We take a tour of the old entrance shaft to the Thames Tunnel at Rotherhithe, as it prepares to open again this evening to visitors.
If the Brunel Museum in Rotherhithe is not London's smallest museum, then it must be close. You can read every label and eyeball every artefact in 15 minutes. But this tiny shrine to Marc and Isambard Brunel and their famous tunnel under the Thames may soon get a whole lot bigger.
Anyone who has visited will have noticed a large drum-shaped structure beside the museum entrance. This was the original southern entrance to the Thames Tunnel (see gallery).
This space has been inaccessible since the tunnel was converted for use by trains in the 1860s. At this time, the interior staircase was removed and the shaft adapted for ventilation.
No longer. When the tunnel was upgraded during recent work to establish the London Overground network, a concrete raft was placed above the tracks and towards the bottom of the ventilation shaft. Where once was a void there is now a sizeable room. The museum now offer occasional tours, and tonight is one such occasion.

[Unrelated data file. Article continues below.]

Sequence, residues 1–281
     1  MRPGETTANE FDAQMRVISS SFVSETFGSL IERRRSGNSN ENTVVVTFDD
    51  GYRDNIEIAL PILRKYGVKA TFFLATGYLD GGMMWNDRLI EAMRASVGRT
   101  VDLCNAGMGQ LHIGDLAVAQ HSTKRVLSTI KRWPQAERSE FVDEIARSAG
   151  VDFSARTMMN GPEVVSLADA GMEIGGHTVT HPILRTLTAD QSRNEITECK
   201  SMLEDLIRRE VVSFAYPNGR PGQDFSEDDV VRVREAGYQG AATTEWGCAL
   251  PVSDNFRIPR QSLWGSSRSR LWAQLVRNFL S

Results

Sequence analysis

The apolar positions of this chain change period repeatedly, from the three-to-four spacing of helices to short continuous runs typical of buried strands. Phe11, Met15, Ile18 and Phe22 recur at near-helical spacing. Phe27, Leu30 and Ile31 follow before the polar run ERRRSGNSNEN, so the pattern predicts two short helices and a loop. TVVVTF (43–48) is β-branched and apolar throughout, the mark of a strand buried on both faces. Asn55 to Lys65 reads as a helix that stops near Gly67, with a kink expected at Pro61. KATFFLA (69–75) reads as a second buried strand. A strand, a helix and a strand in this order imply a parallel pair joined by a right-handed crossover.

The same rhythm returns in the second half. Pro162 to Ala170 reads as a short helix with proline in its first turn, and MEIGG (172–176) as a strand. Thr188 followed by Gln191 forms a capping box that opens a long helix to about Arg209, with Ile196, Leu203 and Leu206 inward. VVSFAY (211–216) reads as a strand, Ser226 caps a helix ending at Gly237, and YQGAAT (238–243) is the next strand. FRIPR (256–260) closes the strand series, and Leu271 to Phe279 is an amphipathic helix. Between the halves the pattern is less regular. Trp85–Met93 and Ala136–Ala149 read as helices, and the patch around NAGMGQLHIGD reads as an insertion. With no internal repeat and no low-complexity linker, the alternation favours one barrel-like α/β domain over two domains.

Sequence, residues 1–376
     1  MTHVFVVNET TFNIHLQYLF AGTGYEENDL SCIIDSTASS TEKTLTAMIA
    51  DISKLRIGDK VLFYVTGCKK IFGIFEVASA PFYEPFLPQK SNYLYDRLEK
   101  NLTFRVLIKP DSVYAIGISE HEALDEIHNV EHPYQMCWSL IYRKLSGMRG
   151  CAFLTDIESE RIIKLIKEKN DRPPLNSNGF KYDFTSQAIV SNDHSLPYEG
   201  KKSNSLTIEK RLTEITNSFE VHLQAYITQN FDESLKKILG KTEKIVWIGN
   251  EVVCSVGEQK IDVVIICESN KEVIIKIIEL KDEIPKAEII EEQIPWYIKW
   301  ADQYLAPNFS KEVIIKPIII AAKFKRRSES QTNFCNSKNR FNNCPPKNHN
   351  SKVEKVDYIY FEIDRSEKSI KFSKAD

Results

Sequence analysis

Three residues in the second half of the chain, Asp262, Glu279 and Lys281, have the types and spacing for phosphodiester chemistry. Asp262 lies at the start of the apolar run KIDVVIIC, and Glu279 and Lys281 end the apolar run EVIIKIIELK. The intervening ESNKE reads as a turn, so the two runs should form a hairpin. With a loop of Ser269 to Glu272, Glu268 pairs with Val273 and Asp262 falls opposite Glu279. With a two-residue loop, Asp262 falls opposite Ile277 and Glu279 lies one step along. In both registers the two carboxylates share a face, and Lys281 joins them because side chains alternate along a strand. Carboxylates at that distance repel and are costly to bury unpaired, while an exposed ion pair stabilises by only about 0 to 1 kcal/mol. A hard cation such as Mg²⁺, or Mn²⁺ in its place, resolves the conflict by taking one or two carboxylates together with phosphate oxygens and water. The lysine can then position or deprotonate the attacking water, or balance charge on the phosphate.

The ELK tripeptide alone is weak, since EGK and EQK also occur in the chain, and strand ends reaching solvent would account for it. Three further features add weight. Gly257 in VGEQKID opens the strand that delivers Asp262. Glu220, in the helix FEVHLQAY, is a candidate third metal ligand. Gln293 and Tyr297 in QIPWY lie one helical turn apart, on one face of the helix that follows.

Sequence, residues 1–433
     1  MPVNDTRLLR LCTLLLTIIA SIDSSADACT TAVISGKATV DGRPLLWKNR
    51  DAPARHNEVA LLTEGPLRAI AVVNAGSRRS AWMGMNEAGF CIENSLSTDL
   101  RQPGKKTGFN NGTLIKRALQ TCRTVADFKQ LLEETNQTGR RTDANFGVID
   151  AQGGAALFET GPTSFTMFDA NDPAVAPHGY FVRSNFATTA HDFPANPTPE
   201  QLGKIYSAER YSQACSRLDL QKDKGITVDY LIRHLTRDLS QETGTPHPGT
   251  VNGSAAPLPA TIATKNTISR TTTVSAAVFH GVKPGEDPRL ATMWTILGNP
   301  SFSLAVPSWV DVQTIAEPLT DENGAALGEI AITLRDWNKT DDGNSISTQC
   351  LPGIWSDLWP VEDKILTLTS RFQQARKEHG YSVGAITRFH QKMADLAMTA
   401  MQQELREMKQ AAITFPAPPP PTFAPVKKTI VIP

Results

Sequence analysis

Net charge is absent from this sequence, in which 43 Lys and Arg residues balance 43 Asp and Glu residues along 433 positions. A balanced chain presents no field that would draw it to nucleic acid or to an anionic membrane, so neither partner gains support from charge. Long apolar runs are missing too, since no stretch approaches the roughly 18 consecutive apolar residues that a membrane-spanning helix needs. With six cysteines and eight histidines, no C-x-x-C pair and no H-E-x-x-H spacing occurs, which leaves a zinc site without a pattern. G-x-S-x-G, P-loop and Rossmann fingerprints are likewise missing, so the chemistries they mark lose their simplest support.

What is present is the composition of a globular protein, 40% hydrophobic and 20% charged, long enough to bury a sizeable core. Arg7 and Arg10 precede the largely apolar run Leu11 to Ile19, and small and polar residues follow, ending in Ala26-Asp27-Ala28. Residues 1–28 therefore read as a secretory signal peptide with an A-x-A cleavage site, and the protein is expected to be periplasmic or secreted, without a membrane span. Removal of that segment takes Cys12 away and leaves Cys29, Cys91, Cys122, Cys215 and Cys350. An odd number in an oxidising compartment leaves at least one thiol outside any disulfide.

Eventually, the Brunel Museum intends to convert this new chamber into an exhibition and events space. It has some pedigree. The shaft is reckoned as the first 'caisson' in the world (i.e. a pre-formed cylinder of iron lowered by its own weight into the slimy Thames mud). During construction of the tunnel, a wall breach inundated the site, knocking Isambard unconscious and forcing his battered body up into the caisson where he was rescued. Ten other men were not so lucky and lost their lives.